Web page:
Individual plans are offered through kynect by Anthem, Kentucky Health Cooperative, and Humana. Small group plans are offered by Bluegrass Family Health, Kentucky Health Cooperative, Anthem, and United HealthCare through kynect. Small Business Health Option (SHOP) Program is available to employers with 50 or fewer employees who pay at least 50 percent of the employee premium, meet the 75 percent participation requirement, and have a choice of plans. The MCOs that participate in kynect are Passport, Humana, WellCare, Coventry, and Anthem. Individuals may qualify for premium assistance if a household income for the taxable year is between 138 percent and up to 400 percent of the federal poverty level (FPL). A small business may qualify for a tax credit if it pays at least 50 percent of the premium for each of its employees, has fewer than 25 full-time equivalent employees for the taxable year, and the average annual wage of the group is less than $50,000. Each plan has to provide ambulatory patient services, emergency services, hospitalization, maternity and newborn care, mental health and substance use disorder services including behavioral health treatment, prescription drugs, rehabilitative and habilitative services and devices, laboratory services, preventive and wellness services and chronic disease management, and pediatric services including oral and vision care. Health benefit plans include catastrophic, bronze, gold, platinum, and silver. To date, Jefferson and Fayette Counties have the highest enrollment.
Insurance agents, kynectors, customer service representatives at the kynect call center can help an individual apply for insurance through the exchange. Beginning December 16, 2013 an individual can apply at the local DCBS office. The call center became operational on August 15, 2013. Open enrollment began October 1, 2013 and will end March 31, 2014 with coverage beginning as soon as January 1, 2014 depending on when an individual was approved for coverage. By visiting the kynect.ky.gov web site, an individual can find out who qualifies for Medicaid, KCHIP, or payment assistance through the exchange. After submitting an application, kynect will check an individual’s eligibility for programs that can help pay for health insurance.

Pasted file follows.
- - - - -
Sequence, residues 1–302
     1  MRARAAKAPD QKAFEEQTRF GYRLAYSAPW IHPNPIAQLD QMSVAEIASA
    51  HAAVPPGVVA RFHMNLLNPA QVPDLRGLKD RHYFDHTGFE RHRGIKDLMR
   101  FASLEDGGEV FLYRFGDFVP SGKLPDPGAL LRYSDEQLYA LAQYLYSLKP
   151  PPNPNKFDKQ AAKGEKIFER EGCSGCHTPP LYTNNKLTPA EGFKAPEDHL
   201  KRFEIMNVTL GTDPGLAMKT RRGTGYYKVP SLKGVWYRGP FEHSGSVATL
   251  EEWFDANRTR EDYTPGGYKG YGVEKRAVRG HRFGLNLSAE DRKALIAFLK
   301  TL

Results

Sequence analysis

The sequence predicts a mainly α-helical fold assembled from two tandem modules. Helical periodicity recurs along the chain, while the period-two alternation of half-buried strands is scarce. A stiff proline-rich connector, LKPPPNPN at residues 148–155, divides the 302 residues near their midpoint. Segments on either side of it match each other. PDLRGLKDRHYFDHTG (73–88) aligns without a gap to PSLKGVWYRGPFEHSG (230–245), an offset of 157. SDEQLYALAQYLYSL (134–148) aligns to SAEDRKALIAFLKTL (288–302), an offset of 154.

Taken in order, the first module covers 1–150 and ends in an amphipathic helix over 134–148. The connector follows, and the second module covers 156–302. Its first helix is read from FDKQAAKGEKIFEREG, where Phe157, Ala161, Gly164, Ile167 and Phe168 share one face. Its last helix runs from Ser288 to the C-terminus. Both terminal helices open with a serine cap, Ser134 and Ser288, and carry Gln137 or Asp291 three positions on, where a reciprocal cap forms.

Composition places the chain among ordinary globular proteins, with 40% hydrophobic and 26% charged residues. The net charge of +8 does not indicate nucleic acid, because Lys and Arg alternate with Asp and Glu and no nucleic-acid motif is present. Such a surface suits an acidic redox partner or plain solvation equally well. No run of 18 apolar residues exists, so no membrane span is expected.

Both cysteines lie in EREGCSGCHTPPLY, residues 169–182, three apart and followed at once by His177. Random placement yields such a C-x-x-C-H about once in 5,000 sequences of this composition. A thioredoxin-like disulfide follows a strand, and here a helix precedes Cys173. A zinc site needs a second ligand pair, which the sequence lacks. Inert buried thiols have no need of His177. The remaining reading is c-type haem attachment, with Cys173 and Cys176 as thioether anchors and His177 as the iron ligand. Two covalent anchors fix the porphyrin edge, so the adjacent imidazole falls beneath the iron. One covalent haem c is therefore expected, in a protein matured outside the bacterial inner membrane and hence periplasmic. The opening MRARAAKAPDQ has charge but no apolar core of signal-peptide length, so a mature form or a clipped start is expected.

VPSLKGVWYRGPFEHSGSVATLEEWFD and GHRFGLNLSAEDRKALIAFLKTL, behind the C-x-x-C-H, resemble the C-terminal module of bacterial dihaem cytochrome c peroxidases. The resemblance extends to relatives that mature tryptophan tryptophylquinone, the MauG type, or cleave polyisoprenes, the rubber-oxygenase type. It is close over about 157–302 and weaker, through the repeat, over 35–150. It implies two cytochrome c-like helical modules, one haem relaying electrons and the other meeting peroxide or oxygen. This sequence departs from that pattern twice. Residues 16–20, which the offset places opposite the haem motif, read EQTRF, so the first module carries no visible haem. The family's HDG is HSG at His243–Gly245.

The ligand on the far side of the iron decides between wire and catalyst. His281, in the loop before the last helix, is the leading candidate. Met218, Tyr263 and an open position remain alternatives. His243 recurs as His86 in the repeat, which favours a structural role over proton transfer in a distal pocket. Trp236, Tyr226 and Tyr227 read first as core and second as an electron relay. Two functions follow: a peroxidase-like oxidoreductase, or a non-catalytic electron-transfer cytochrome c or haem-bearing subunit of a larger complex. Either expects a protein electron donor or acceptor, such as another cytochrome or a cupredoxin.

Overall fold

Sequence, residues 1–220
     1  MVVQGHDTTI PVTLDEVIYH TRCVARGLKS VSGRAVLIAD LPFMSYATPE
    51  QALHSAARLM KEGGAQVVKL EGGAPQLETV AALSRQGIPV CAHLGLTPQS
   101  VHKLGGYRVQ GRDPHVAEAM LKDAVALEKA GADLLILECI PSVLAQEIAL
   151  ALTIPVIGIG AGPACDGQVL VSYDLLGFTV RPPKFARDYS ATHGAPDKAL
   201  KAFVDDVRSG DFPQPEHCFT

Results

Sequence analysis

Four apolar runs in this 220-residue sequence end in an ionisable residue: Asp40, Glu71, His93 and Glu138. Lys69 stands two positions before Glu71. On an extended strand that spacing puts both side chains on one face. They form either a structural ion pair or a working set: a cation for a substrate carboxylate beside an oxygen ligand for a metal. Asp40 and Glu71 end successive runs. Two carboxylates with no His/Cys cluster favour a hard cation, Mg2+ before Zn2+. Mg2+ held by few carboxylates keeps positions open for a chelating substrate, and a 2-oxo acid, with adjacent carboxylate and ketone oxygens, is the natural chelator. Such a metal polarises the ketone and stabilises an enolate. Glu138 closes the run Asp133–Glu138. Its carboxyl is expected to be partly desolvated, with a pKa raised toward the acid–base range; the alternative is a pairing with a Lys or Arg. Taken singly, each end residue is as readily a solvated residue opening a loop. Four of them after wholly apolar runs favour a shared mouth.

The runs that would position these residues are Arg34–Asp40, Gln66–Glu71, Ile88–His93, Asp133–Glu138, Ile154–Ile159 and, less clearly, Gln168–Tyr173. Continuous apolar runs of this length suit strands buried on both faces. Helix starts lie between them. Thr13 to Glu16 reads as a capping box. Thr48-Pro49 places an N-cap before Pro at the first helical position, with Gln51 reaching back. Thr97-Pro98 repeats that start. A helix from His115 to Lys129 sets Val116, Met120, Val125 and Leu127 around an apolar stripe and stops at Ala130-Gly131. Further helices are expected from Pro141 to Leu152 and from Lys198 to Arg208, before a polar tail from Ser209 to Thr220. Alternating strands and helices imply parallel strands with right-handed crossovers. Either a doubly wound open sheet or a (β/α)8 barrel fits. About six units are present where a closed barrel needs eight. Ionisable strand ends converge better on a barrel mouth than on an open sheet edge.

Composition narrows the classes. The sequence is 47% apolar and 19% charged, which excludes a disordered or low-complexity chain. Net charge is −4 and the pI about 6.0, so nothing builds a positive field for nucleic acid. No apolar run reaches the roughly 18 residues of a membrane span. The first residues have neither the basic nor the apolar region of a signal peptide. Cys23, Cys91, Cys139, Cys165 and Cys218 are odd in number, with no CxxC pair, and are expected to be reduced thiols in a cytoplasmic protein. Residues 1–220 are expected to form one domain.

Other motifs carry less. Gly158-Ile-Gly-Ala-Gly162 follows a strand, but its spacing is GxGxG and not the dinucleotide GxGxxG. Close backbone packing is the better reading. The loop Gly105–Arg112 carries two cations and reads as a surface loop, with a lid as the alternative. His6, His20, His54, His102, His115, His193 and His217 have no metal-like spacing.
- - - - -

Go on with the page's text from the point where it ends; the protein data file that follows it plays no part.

In response to questions by Representative Benvenuti, Carrie Banahan and Secretary Haynes stated that individuals can check options on kynect if coverage was lost when the private insurance policies were cancelled because they did not include the essential benefits. The Department of Insurance (DOI) is meeting with the private insurance market to see what options are available. Kentucky ACCESS plans will sunset December 31, 2013. Approximately 10,000 individuals eligible for subsidies are waiting to the last minute to sign up for coverage because they will have to pay January’s premium. Of the 380,000 individuals who conducted preliminary screenings to determine eligibility, approximately 48,000 have enrolled in a health benefit plan. Approximately 39,000 were enrolled in the Medicaid expansion, including a lot of young people who were not eligible for coverage before the Affordable Care Act (ACA). When a person files an application on the kynect web site and are found eligible, the information is matched with federal databases for verification. If an individual’s information cannot be verified, the individual will have to supply additional information, often in person, to the local DCBS office. The ACA requires a bronze coverage to have an actuarial value of 60 percent, 70 percent for silver, 80 percent for gold, and 90 percent for platinum. The Department for Medicaid Services (DMS) has information on the annual cost per Medicaid recipient. It is up to the MCOs, not the cabinet, whether or not to have a co-pay collected by the provider from a Medicaid recipient. Co-pays can be applied for everything but preventive services. The cabinet has submitted a State Plan Amendment (SPA) to CMS with a list of co-pays for approval. The DOI provided approval of insurance plans. The goal is to insure as many of the 640,000 uninsured individuals as possible.
In response to questions by Senator Stine, Ms. Banahan stated that there is 20- to 24-hour training curriculum for the kynectors and insurance agents. As policy change, continuing education will be required. Criminal background checks are conducted for anyone applying to be a kynector. Approximately $80 million of the $253 million received from the federal government for the exchange has been spent with $60 million being spent on the development of the system.